10 Ways to Help Kids Eat More Fruit & Veggies

Photo by Yan Krukau: https://www.pexels.com/photo/boy-in-blue-long-sleeve-shirt-holding-blue-and-white-lunch-box-8617546/
Photo by Yan Krukau: https://www.pexels.com/photo/boy-in-blue-long-sleeve-shirt-holding-blue-and-white-lunch-box-8617546/

I hear from many parents tales of dinner time battles with their kids about eating their vegetables. This frustrating scene plays over and over each night with parents trying every tactic possible (bargaining, pleading, demanding, “no dessert if you don’t eat your veggies!”).

As parents the concern for children to eat a healthy meal comes from a good place. Fruits and vegetables are loaded with vitamins, minerals, antioxidants and fiber that not only help children’s development but have also been shown to reduce the risk of chronic diseases. So, why do some kids refuse? Well, some veggies are bitter, dark leafy greens I’m looking at you, some may not look appealing, others are new to kids who would rather have something they are familiar with.

The good news is if you are concerned about your kids vegetable and fruit intake, you are already on the right track by reading these tips. And, think back to your childhood, what vegetable or fruit did you dislike then that you like now? I’m sure there’s a few!

Here are 10 tips to help kids eat more fruit and vegetables:

  1. Autonomy is everything (to kiddos) – How many times as your child urged you to let them pick out the shirt they are going to wear or demanded they can do it themselves (whatever the “it” might be for the day)? In the spirit of autonomy, the next time you go to the grocery let your child choose one fruit or vegetable they want to try.
  2. Go Raw and Colorful –  Slice a few vegetables and serve them raw for kids to try. Even adults don’t want to eat mushy green beans.
  3. All about the DIP! Who doesn’t love some ranch or hummus to dip fresh veg into? For fruit try chocolate hummus for a new, protein and fiber-packed dip.
  4.  Let their inner Chef Shine – Engaging children in the cooking process has been shown to create a greater acceptance of eating a variety of foods.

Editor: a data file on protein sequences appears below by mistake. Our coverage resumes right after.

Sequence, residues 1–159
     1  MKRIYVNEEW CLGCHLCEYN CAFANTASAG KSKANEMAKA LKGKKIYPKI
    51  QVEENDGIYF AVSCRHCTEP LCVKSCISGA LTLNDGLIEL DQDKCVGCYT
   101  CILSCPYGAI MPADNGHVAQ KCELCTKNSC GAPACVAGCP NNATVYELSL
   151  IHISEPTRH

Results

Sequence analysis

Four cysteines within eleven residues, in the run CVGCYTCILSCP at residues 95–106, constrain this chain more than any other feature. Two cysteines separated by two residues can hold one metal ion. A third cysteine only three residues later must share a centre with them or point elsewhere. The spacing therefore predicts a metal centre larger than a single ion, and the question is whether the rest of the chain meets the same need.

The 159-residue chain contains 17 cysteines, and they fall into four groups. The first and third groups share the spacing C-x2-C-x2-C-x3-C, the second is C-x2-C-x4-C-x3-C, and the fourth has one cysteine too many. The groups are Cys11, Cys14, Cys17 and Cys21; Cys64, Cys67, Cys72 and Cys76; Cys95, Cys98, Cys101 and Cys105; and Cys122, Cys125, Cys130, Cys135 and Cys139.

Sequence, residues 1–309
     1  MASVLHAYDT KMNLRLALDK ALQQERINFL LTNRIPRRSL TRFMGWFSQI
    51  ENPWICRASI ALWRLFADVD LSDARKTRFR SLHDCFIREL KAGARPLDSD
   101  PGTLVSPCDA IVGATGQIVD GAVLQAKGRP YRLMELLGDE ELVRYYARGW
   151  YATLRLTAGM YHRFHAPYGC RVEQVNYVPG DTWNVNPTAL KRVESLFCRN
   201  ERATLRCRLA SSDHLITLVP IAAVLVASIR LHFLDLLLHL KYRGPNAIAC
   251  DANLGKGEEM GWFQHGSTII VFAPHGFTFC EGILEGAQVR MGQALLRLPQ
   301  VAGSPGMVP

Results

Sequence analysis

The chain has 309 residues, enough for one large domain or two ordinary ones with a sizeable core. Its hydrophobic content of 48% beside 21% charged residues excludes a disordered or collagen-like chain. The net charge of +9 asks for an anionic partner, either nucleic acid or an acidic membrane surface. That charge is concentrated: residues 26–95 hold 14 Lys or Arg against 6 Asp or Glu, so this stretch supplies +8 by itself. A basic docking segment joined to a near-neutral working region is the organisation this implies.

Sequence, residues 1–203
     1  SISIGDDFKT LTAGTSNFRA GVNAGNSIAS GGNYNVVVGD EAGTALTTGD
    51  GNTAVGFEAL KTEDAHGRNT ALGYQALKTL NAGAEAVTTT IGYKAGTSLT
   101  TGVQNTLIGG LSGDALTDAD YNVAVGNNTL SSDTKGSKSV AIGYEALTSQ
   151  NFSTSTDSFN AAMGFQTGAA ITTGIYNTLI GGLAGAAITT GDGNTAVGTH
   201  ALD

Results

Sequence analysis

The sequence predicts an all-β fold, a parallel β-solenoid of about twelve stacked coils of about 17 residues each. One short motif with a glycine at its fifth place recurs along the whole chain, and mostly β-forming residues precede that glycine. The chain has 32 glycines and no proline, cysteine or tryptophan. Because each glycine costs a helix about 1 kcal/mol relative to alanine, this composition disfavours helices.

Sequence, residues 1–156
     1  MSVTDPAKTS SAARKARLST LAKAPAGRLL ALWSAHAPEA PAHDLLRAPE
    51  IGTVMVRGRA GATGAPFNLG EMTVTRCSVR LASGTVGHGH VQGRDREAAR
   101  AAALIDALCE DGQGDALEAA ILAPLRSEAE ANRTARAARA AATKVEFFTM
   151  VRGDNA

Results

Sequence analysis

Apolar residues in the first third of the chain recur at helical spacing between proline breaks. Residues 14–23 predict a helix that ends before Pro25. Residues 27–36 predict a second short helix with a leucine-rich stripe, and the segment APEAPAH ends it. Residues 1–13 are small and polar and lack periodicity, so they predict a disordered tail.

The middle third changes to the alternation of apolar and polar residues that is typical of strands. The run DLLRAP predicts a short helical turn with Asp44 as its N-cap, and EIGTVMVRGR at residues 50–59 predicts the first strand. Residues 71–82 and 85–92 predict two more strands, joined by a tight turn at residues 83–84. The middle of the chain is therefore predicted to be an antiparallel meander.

5. Keep them in plain site – As a mom and dietitian, I’m not a big fan of hiding foods. My kids always want to know what is in a dish I make. Plus, being open about what you’ve cooked and why, creates conversation and an opportunity to discuss the benefits of fruits and veggies with your children.
  6. Talk Up the Benefits – When I go into schools to talk about how great whole foods are I explain it so that kids can understand. For example, blueberries help our brains and our memory, Vitamin C in strawberries helps keep our skin healthy and helps to heal our cuts and scrapes, Vitamin D in spinach helps keep our bones strong.
  7. Set the Example – Yes this means you as the adult need to eat your fruits and veggies too! Kids want to be just like their parents.
  8. Smoothie for the Win – Smoothies are a simple and fun way to add fruit and vegetables to a child’s eating pattern. And hey, if you let them pick the ingredients (with a few helpful suggestions) they are likely more willing to try it.
  9. Put Them on Repeat – Exposure is key when trying to get kids and adults to like a particular food. In fact, it often takes 10-15 tries to really determine if you like a food or not.
  10. Take the Pressure Off – Encourage kiddos to try fruits and veggies without pressure and fear of repercussions. Taking the pressure off, (no more bargaining or pleading!) takes stress off the entire family meal.


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